Home > Dance > Core > Performance > Dance Technique incorporating safe dance practice

Dance Technique incorporating safe dance practice

Performing sequences relative to anatomical structure

Body maintenance

Principles of training

To maintain the body for the demands of dance training and performance it is important to incorporate the principles of training. The principles of training which apply to dance are:
Progressive overload

Progressive overload In order for the body to make a physiological adaptation or produce a training effect, exercise should be performed at a level progressively above that at which the individual usually performs.

Activity: Progressive overload

The overload principle states that strength and endurance cannot be increased unless the muscles and cardio-respiratory system are stressed beyond their normal workload. To increase the workload, increase the frequency, duration and intensity of your exercise program. (Frequency, how often the exercise is performed; duration, how long the exercise lasts; and intensity, the difficulty of the exercise). (Clarkson& Watson, 1990)

How do you apply the overload principle in your preparation?

Abrupt overload is defined as the sudden change of intensity of dance training or performance.

When is abrupt overload likely to occur in a dance class? How can you prevent injuries caused by abrupt overload?

The web site, Encyclopedia of Sports Medicine and Science (external website) Selecting this link will take you to an external site. has further information on the principles of training. Go To Top


A training program needs to be directly linked to the nature of the performance required. Specificity in dance involves participating in a range of technique classes developing locomotor and non-locomotor skills incorporating the elements of dance.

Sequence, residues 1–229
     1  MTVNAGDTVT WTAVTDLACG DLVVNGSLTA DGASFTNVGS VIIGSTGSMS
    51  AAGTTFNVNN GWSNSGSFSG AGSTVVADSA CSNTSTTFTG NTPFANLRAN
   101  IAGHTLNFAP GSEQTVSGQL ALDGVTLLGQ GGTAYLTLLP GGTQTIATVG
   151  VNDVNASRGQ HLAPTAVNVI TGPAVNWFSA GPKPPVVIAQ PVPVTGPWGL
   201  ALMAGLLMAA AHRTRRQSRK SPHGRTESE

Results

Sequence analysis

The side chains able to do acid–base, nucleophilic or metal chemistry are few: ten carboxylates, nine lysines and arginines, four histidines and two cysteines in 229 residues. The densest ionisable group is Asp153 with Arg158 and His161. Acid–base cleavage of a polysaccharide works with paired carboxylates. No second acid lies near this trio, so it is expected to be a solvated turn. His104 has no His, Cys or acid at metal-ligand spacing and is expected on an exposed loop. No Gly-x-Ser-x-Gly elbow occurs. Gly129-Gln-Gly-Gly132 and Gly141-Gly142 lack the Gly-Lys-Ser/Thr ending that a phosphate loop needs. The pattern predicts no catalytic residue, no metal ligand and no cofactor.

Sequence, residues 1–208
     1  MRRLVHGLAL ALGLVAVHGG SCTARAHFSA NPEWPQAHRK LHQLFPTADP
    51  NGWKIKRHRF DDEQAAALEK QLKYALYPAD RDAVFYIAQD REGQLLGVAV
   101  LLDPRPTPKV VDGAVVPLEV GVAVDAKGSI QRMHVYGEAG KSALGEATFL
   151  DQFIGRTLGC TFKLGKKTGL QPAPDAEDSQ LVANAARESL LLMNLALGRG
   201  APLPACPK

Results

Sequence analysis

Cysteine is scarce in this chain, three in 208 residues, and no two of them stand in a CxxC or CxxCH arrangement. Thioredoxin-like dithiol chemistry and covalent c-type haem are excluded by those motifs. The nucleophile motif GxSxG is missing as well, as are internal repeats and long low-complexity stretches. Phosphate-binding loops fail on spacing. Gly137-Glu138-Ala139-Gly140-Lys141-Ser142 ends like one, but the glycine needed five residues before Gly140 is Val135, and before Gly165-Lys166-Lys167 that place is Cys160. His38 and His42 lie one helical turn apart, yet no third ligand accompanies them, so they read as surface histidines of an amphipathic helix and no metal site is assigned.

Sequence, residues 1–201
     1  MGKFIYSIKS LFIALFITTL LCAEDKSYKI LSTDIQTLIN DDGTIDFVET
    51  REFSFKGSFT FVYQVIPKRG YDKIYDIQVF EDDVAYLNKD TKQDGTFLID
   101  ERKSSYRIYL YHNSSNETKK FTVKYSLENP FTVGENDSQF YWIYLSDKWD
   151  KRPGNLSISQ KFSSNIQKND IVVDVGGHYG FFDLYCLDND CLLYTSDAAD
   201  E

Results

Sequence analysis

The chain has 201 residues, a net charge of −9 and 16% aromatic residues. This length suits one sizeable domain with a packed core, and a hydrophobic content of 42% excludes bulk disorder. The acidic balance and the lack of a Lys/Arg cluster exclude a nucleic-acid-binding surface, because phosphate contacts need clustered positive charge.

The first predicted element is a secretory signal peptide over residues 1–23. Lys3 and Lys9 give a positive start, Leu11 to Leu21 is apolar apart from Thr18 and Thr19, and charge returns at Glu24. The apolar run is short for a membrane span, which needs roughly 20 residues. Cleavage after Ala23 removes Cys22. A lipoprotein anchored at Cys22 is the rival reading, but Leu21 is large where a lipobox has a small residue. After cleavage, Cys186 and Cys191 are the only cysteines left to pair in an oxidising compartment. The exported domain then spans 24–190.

Activity: Specificity

Describe specific strength, endurance, flexibility and co-ordination exercises, developed during classwork, that would prepare your body to perform the body skills in your dance performance (Core Performance dance or Major Study Performance work).

The web site, Encyclopedia of Sports Medicine and Science (external website) Selecting this link will take you to an external site. has further information on the principles of training. Go To Top

The effects of a training program are reversible. If there is a break in the training program there will be a decline in fitness and skill levels. Participation in regular classwork specific to the development of dance technique and performance quality is essential in the development and maintenance of fitness and skill levels.

Activity: Reversibility
Answer the following questions based on the principle of reversibility.

How have you physically prepared and conditioned for your dance performance in the context of safe dance practice? Make reference to the following in your answer:

Maintaining body conditioning

  • Training the body by attending regular dance technique classes
  • Incorporating specific strength, co-ordination, flexibility and cardiovascular endurance exercises to assist in safely controlling movement
  • Incorporating adjunctive training (alternative training e.g. swimming, pilates, yoga)
  • Eating a balanced diet and consuming an adequate fluid intake.
  • Having adequate rest
  • Avoiding abrupt overload.

Explain and demonstrate how you have developed and maintained the combinations, phrases and sequences (in your dance performance) with due consideration to safe dance practices.
Make reference to the following in your answer:
• alignment
• correct technique
• your body's capabilities and limitations.
Go To Top